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Defra defends waste laws but invites LGA for talks

Environment Minister Joan Ruddock has defended waste laws, against Local Government Association (LGA) calls for a rethink of interpretations. In a letter to the LGA (April 3 2008) she said that Government requests for full compliance, made in a letter sent October 2007, represented the same position Government has taken for many years.

But LGA policy officer Alice Roberts told MRW in March 2008 that full compliance would mean schedule 2 organisations, such as hospitals, schools and prisons, would be able to claim free waste disposal from local authorities (LAs) (mrw, March 14 2008). Roberts also estimated this could cost LAs more than a £1million.

Despite her stance Ruddock admitted that she was aware of pressures on LAs. In the letter she invited the LGA to an official level meeting to discuss these issues. But she added: There is an established principle that funding follows responsibility and any transfer of waste function would be unlikely to be made an exception. She also said that a review of all waste management law would be a major undertaking.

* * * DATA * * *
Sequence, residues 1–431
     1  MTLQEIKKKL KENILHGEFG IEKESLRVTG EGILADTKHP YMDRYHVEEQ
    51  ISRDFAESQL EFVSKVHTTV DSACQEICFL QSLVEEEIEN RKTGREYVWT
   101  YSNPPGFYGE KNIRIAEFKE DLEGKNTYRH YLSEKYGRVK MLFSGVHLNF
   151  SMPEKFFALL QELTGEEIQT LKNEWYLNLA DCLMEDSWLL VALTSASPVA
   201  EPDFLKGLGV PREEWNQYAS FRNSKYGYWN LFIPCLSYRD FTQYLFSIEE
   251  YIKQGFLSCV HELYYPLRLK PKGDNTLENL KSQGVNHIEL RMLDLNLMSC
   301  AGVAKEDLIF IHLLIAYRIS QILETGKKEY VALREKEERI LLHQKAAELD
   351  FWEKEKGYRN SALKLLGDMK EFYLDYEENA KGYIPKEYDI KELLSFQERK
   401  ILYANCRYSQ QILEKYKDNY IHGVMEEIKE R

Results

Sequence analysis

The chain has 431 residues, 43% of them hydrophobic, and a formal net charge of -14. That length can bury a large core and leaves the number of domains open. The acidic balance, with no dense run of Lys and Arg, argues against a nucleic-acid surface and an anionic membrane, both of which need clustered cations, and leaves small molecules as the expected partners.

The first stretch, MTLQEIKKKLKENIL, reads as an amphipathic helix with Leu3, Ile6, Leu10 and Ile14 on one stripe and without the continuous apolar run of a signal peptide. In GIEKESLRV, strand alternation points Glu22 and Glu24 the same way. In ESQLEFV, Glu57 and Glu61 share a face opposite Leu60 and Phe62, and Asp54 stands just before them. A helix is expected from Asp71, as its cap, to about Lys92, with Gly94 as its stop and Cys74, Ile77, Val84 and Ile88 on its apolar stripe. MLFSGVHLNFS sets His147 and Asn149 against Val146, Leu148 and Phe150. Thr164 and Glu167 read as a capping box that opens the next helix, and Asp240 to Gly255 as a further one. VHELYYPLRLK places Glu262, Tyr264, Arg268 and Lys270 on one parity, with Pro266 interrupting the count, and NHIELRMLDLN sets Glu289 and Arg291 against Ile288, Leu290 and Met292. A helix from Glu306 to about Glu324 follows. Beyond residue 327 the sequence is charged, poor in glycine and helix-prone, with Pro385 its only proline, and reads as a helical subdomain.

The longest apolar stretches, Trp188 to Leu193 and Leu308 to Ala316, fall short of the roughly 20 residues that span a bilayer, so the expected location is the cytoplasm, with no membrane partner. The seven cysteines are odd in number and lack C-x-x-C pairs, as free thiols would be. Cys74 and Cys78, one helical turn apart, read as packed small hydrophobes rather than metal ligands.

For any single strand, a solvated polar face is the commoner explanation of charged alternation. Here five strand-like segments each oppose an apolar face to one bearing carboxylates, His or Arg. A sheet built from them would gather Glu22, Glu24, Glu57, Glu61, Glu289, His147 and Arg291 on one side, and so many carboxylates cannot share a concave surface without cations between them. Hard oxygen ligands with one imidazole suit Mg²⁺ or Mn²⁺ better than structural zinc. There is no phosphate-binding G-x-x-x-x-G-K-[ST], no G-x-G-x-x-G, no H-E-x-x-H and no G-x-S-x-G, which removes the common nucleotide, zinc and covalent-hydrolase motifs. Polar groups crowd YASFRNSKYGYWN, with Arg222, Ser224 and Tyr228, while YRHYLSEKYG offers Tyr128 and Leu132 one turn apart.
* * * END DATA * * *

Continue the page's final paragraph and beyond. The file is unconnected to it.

Ruddock said: I think a meeting [with the LGA] would provide an opportunity to discuss evidence needed to inform our consideration of a possible review of the relevant legislation.
But she also highlighted the legal vulnerability of non-compliant LAs, adding that she was heartened by statements that there is no wish to side step responsibilities and that authorities should be complying with the law.

She did answer one LGA concern about collections of commercial waste, suggesting that some LAs may have misread the original letter. She said that LAs could arrange for a third party to collect commercial waste. This would be classified as municipal waste and should be reported as such.


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